.· ;:·: .5 ~
:::.. i " i ...... . ;
,.. .:.. ; "i::-. Less ': ~a~ ·r
4sa :j-u '
T HE professional designers of chil
i dren's clothes have put this coun
try at the head of the procession in
their line of business. Their products
rank with those of the maker of tail
ored suits and shoes; at :east no
country outclasses us in these arti
cles; comparisons show that we ex
cel In them; keeping in mind the es
sentials of good taste, our designers
have revealed inexhaustible ingenu
ity in making practical as well as pla
turesqne things for children of all
ags. from babyhood up.
sense of the professional to fashi
clothes that make us forget these terms
and professionals succeed in doing just
this. They translate and emphasize
whatever of charm nature has be
Something New in Silk Frocks
' . II
J UST how much and just how little
one requires in the way of new
clothes for the coming summer is a
matter that must be decided by each
Individual for herself. Women feel
that they are being "held up" on the
prices of some things and, even when
quite able to pay for anything they
want, they object to playing Into the
hands of pro6teers. Therefore many
women, spe~eally among those who
have always had money and who un
derstand values, are leaving it to the
newly prosperous to bty extravagantly
rich and hi-prseed apparel, content
lag themslves with simpler and less
costly thiang. -'hsq are selecting prae
tical frocks that Wl serve a variety
of perpise and lyingl only what they
actually need-which is more or less
--accordngs to ireaumstances. Lovely
washable dresses of nee cottons, that
will continue to look fresh as long as
they last, simple taffeta frocks, durn
be satins and reliable woolens, attract
Every woman hews how Prmeal
stowed upon me growing child at any h
age-and they make frocks that have I
their own Charm to lend to young wear
For the sake of economy many moth- .
ers make their children's outfits at a
home. 2my need not be worried ;n t
the matter at designing these clothes; i
all they a do is buy materials and
patterns y what professionals o
have la the shops and pictured t]
•b ens - te It and It has n
a small of white organdie. One
cannot do .tter than to copy It ex
actly, for with these simple means its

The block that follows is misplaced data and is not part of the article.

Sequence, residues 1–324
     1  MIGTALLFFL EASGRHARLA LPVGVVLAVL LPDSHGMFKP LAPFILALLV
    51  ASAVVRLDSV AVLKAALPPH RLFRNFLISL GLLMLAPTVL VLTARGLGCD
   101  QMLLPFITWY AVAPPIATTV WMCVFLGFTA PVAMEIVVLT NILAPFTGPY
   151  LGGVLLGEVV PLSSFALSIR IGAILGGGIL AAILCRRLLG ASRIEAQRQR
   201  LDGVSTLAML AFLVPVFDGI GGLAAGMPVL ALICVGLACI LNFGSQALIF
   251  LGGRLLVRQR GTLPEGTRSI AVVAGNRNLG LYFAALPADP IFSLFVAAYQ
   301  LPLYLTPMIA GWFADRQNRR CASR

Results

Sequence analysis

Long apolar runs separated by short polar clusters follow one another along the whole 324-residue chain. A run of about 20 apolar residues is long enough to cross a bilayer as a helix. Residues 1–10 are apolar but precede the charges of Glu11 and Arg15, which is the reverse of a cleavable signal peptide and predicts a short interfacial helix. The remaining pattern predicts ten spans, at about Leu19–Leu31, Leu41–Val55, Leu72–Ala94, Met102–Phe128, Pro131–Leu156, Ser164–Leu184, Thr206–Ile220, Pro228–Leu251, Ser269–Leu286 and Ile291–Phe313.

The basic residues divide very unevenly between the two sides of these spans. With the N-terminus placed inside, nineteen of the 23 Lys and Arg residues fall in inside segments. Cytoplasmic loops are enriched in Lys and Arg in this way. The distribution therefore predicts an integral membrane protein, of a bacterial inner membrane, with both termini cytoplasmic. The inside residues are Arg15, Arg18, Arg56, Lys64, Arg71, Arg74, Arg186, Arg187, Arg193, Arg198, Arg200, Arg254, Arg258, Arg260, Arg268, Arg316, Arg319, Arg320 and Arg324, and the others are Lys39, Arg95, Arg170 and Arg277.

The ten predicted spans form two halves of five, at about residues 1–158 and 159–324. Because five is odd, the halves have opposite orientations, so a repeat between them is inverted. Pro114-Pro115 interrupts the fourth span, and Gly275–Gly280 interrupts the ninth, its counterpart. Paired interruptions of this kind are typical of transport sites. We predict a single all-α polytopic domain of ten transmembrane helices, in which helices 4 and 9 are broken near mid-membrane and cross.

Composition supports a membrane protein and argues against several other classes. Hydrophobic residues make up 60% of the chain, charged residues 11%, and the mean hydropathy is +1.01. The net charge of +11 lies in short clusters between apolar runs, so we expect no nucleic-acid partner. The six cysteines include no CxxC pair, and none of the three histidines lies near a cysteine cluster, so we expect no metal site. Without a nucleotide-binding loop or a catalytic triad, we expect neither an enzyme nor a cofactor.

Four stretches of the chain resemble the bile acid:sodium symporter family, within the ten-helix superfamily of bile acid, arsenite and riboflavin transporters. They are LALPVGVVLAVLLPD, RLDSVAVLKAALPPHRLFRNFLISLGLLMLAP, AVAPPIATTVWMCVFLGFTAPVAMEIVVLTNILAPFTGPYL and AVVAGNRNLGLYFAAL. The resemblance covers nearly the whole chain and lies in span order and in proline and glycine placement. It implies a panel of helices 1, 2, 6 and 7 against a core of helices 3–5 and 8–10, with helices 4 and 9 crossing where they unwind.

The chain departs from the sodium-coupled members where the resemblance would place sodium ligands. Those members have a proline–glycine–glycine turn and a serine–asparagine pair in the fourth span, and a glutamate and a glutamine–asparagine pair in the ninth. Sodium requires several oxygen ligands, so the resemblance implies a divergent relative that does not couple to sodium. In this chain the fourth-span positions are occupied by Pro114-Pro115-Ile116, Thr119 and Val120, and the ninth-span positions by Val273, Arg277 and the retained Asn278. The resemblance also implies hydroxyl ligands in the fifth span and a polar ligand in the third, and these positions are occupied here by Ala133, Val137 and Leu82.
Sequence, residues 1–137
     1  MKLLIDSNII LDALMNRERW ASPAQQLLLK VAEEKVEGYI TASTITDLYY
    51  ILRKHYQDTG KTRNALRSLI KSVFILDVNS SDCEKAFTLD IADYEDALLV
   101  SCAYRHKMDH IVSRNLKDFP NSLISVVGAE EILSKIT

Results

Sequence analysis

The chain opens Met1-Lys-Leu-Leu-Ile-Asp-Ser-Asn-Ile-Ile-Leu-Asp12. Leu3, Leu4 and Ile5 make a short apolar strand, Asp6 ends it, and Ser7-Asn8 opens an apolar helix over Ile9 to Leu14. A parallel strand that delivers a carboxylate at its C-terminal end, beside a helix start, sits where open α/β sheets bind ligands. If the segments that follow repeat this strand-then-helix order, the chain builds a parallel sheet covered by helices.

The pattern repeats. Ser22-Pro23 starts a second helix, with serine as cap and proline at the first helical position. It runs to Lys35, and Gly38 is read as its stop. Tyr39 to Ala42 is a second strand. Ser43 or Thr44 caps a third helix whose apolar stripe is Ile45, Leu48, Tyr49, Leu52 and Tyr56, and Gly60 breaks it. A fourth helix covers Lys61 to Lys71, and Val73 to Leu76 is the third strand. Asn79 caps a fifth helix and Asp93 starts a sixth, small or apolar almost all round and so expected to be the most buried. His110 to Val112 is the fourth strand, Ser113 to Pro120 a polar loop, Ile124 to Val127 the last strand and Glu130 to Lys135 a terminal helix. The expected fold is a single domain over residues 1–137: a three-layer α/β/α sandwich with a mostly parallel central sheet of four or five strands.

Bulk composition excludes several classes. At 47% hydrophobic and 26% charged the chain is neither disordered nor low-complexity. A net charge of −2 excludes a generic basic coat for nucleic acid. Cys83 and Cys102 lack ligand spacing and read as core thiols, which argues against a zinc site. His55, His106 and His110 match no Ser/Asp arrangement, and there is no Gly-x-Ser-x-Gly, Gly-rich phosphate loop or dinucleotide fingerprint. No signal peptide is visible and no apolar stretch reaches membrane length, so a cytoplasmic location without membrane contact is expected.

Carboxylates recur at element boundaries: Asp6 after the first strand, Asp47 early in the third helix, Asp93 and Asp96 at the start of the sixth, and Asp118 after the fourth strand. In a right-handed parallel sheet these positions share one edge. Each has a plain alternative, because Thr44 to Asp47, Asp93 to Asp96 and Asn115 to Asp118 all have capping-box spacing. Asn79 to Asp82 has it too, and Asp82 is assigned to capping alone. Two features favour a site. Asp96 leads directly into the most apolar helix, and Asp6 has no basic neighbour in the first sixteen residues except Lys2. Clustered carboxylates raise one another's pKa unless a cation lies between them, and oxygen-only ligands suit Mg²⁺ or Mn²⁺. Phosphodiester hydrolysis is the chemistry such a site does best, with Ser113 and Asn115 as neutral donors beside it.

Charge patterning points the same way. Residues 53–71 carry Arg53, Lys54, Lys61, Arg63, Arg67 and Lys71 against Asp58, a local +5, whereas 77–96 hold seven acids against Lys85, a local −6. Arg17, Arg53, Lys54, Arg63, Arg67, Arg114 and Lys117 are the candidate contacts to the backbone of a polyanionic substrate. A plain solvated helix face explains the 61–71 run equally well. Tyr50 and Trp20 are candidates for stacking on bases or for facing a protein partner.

designer has made a masterpiece.
a pretty taffeta frock is and that she
will not grow tired of one that has
style as its chief asset. Here is one
that possesses these virtues. In the
picture something new in silk dresses
is shown in a black taffeta with
pipings, facings, collar and vest In
white tabeta, white pearl buttons and
simulated buttonholes of white son
tache braid. Over a plain and rather
short mderjlrt, an overgarment
with abort klmse oeeves, faced back
with white taets, hbangs straight
down tfre the shoulders or appears
to. The ebeneas are that it is tacked
in a few plats at the waistline under
the taa y . The design could not
be muhk alasr, but it is new and full
of rop. Tih dress would be pretty
in dark bla d e tan or belge might
take the plae et white In Its develop
lie that hais cha tcter in.,di hatve no
fear of his i'cond:t nIt Clai ractr i ill
draw condition aflter it.
THE ODORIFEROUS BULB.
For a nii:t subtl itiut'e, if yo. ir ftln
Ily is folnd of llions. try Ihl e:
Stuffed Onions With
onllill n as %t ili he rwt"'I
54r iii rem11 iove tlit I rI iteri
4h rl4 V( Ifand tlll!t'. or
stu fedl niinI s in ri r-Ii
with lon'e rclful of stock sor huitter :111d
water, hal:f :a tespolumnftl (of s:it :anti :t
few1 ,lishes of Peppler. Ml:ike until soft.
Se'rve withl a s:auche m1:lte frouinm the
gravy in the pan, ahling; flour anti
butter ilnl the yolk of ian egg just Ie
Stuffed Onions and Chestnuts.--l'ar
boll ten onion.s until tender; cut oiif
the to1s i :llll .Coop lilout tith' centers.
('hop thlese tinse. season;lin;ig wilh salt
and pepper and chopp4ed parsley; nlix
with half a cupful of bre:ad crumllts
and one-qualrter cupful of melted but
ter. Put in a spoonful of the mixture
and three or four blanched chestnuts,
then another spoolnful. Bake slowly.
basting with butter and hot water.
Baked Onions and Cheese.-Parboii
a half dozen even-sized onions, drain
and put a layer into a baking dish,
then cover with a layer of rich white
sauce and three or four tahlespoonfuls
of cheese, grated or minced; repeat
with another layer of onions, season
ing well with salt and paprika; cover
with the white sauce and cheese and
finish with a thick covering of but
tered crumbs. Bake until the crumbs
Onion Salad.-Chop one or more
Southern onions, mix with minced
parsley andi French dressing, highly
seasoned( with salt and cayenne. Serve
on head lettuce.
Onion Sandwich.-Chop a mild onion
very fine; add vinegar, a little oil, salt
and pepper to taste. Spread on but
tered bread and serve as a Sunday
night lunch, after church.
Onion Soup.-Take one cupful of
onion puree, that is cooked onion put
through a sieve. Mix one tablespoon
ful of butter and flour together, add
three cupfuls of milk and when scald
a euVpi of cold milk and when hot,
not boiling, serve.
True happiness-To be truly happy
is a question of how we begin and not
how we end, of what we want and not
of what we have.-Stevenson.
GOOD THINGS FOR OCCASIONS.
For a pretty and satisfying dessert
to be served on special occasions, try
Rice and Almond
t Cream - Blanch
one-half cupful of
almonds, cut in
thin strips, put In
a double boiler
with three cup
fuls of milk, one
fourth cupful of
sugar and one-half teaspoonful
of salt; when hot add one cupful of
well washed rice. Cook until the rice
is tender; when ready to serve, All
sherbet cups half full, put on a tea
spoonful of apple jelly, then fill with
whipped sweetened cream with an
other bit of jelly on top.
Prince of Wales Cake.-Da part
Cream one half cupful of butter, add
one cupful of molasses, one-half cup
fuol of strong coffee, sift one teaspoon
ful each of soda, nutmeg, cinnamon,
cloves., with two cupfuls of flour Add
three well beaten egg yolks and one
cupful of raisins.
Light part-Cream one-half cup of
butter. add one cupful of sugar gradu
ally. Mix and sift together one cupful
of flour with one-half cupful of corn
starch and two teaspoonfuls of baking
powder; add the dry ingredients al
ternately with one-half cupful of milk.
Cut and fold in the whites of three